Jefferson County Chamber holds dinner, meeting

RECOGNIZED — The Jefferson County Chamber of Commerce’s 2019 honorees were, from left, John and Mary Decker of Valley Wine Center, Business of the Year co-honoree; Louis DiGregory of DiGregory’s Greenhouse and Garden Center, Lifetime Achievement Award; Trudy Wilson of the Ohio Valley Health Center, Business of the Year co-honoree; Nicole Adamski of the Inn and Suites at Franciscan Square, Ambassador of the Year; Kate Sedgmer of the United Way of Jefferson County, Young Professional of the Year; and Michael Petrella of Ohio Valley Natural Relief, New or Emerging Business of the Year. -- Linda Harris

WINTERSVILLE — The Jefferson County Chamber of Commerce celebrated the accomplishments of its members at Wednesday’s annual dinner meeting, the group’s 111th.

“It’s the one time we get to give everybody kudos,” Chamber President Tricia Maple said after the event, applauding the diversity of this year’s nominees. “We had more than 300 people attend again.”

The theme of the dinner, held at St. Florian Event Center, was “Anything on Wheels,” a nod to past and present local automotive dealerships as well as wheel-related organizations that have been instrumental in the Jefferson County economy. The keynote speaker was Mark Patton, vice president of Columbus Partnership and co-leader of the Columbus Smart Initiative.

Accepting the 2019 Lifetime Achievement Award was Lou DiGregory of DiGregory’s Greenhouse and Garden Center. DiGregory, who will retire at the end of the year, is in charge of day-to-day operations at the business, which has been in his family for 82 years.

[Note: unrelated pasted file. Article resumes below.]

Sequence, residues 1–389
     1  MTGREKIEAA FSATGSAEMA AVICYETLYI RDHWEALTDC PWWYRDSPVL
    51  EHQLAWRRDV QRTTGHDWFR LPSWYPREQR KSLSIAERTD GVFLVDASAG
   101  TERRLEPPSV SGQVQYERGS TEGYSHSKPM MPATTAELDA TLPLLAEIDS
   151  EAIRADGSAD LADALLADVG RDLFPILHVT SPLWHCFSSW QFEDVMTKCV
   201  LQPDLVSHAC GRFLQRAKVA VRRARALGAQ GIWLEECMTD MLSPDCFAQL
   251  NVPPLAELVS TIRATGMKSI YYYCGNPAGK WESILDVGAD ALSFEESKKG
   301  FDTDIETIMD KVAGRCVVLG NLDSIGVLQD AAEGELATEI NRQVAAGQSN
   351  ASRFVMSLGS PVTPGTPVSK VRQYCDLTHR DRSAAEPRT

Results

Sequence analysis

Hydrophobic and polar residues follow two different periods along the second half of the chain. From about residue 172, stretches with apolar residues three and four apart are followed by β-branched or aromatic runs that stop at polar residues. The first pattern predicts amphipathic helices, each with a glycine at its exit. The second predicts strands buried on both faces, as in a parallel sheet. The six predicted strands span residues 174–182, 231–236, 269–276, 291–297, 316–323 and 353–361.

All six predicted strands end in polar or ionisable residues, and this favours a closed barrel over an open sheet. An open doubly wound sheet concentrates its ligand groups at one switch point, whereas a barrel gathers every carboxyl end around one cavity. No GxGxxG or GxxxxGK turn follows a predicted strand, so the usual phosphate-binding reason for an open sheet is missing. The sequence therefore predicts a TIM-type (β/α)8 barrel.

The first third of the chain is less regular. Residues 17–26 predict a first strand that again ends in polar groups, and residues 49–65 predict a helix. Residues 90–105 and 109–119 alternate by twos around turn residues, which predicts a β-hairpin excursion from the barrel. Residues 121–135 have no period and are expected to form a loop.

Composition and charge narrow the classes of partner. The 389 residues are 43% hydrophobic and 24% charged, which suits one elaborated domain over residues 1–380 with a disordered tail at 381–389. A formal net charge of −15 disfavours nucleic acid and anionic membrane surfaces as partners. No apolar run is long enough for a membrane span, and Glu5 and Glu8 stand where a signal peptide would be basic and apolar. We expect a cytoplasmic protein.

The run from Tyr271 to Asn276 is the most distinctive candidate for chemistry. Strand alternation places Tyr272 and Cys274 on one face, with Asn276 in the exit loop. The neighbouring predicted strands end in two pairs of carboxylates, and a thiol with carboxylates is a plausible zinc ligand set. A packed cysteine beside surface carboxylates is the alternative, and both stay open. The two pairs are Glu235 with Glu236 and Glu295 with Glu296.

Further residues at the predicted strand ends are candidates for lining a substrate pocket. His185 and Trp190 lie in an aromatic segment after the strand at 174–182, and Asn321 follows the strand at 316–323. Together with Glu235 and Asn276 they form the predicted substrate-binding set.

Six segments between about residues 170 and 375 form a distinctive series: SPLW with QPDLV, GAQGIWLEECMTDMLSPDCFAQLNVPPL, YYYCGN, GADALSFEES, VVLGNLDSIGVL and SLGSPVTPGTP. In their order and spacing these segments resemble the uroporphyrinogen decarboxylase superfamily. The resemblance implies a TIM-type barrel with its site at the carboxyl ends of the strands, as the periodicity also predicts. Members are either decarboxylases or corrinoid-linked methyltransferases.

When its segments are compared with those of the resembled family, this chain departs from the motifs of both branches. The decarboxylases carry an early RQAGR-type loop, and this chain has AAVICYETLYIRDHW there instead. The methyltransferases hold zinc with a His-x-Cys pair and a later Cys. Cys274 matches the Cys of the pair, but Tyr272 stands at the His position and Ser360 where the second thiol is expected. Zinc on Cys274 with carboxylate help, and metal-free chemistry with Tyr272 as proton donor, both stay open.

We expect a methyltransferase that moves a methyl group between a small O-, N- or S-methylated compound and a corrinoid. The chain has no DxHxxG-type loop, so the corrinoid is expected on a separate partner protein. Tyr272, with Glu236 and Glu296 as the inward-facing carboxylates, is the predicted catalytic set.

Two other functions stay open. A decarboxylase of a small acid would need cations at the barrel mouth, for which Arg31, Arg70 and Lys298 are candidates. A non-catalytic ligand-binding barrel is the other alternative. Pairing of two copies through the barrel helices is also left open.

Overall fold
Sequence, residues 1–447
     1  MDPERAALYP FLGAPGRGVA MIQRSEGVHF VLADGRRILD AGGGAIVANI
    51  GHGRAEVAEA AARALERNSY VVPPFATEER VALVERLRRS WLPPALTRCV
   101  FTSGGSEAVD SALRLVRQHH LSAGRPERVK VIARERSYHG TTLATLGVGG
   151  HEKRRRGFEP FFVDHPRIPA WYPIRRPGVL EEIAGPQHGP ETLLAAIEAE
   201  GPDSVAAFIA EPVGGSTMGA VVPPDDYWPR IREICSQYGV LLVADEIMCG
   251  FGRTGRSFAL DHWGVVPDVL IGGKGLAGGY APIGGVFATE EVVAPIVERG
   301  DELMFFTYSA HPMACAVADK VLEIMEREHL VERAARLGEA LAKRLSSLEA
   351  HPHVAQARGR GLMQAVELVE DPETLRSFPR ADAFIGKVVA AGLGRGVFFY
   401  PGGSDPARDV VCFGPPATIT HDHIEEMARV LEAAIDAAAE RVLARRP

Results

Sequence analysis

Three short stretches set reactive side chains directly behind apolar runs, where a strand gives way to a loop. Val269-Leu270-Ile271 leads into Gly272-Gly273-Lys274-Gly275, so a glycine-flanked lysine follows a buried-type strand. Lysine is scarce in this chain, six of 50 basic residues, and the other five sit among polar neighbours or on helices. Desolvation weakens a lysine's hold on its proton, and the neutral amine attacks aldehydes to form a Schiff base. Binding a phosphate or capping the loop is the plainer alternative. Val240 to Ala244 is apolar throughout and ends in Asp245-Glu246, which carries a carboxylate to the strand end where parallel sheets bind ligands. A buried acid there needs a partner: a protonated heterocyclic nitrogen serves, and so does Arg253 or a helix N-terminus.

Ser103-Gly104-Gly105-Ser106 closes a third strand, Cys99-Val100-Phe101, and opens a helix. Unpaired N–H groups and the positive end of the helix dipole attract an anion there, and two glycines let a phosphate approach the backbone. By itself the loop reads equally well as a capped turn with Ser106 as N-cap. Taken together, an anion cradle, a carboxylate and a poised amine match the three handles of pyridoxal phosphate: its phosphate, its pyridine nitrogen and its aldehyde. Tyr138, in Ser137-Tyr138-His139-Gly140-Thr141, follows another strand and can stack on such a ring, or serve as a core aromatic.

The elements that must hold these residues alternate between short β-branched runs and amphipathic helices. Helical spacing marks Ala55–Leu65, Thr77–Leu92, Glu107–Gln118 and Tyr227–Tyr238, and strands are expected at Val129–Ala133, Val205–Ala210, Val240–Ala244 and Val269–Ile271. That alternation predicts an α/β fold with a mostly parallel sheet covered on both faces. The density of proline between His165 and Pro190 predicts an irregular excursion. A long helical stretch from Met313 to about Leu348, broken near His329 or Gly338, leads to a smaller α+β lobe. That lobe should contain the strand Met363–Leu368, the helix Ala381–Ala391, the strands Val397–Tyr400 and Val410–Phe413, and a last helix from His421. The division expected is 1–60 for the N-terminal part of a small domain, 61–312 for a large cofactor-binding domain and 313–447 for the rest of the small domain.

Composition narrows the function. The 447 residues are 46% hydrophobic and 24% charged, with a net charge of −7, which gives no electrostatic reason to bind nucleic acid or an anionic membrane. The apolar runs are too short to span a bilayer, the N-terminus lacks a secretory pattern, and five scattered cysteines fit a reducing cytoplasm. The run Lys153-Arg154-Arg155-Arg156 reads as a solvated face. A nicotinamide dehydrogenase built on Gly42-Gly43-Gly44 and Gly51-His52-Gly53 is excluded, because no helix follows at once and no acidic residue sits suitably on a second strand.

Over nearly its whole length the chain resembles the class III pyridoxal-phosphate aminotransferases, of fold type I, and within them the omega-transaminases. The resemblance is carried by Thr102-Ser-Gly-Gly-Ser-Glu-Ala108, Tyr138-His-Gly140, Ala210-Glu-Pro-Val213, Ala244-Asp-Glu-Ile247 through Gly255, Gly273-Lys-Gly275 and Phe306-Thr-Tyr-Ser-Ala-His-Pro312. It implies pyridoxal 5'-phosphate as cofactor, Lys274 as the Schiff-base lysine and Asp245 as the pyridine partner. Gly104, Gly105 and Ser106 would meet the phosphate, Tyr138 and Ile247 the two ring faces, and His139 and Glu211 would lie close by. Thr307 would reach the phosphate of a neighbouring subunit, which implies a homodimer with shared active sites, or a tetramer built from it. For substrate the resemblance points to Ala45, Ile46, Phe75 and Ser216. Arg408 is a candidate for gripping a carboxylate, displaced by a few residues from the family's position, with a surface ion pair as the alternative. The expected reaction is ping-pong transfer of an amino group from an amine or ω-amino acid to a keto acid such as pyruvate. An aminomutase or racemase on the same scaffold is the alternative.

Young Professional of the Year honors went to the United Way’s Kate Sedgmer, while Ohio Valley Natural Relief scored the award for the chamber’s New or Emerging Business of the Year. Nicole Adamski of the Inn and Suites at Franciscan Square was celebrated as the chamber’s Ambassador of the Year.

Ohio Valley Health Center and Valley Wine Center shared Business or Organization of the Year honors, the first tie in the chamber’s history.

Patton told the crowd to brace for sweeping changes that will transform transportation as we know it, pointing out Columbus Smart Initiative won $50 million in grants from the U.S. Department of Transportation and the Paul G. Allen Family Foundation to look at “innovative and safe mobility solutions” that will move the nation away from carbon-based fuels.

He said they initially matched the original $50 million grant, with another $90 million from the private sector. The group now has an “acceleration fund” of upward of $600 million to sustain the initiative.

Patton told chamber members they’re already seeing a shift in transportation trends in Columbus, pointing out there were 667,000 Uber and Lyft rides last year “in a marketplace that had zero just a few years ago.” They’re also logging 9,000 rides a day on scooters in nice weather, while micro-transit buses and bike sharing “are going on all over the place.”

“There’ve been huge changes in how people move around,” he said.

Maple said the chamber, which was founded in 1908, has focused on work force education and training during the past year, “along with making our member benefits better.”

A highlight, she said, was organizing “new, more relevant committees” to carry the chamber’s mission forward in 2020, calling it “a long time in the making.”

Special recognition was given Wednesday to retiring chamber Chair Tony Mougianis of Apollo Professional Cleaning and Restoration, who will serve in an emeritus capacity during the next year, and Ross Gallabrese, executive editor of the Herald-Star and The Weirton Daily Times, who has served as vice chair.

Robert Naylor of Naylor Law Offices, takes over as chairman, with Em-Media’s Jim Emmerling becoming first vice chair.


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